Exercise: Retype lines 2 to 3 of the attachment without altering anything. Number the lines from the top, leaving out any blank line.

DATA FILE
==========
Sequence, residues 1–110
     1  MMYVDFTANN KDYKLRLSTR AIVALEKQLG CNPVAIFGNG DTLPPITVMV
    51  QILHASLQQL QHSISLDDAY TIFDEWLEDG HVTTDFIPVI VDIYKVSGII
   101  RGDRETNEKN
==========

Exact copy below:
     1  MMYVDFTANN KDYKLRLSTR AIVALEKQLG CNPVAIFGNG DTLPPITVMV
    51  QILHASLQQL QHSISLDDAY TIFDEWLEDG HVTTDFIPVI VDIYKVSGII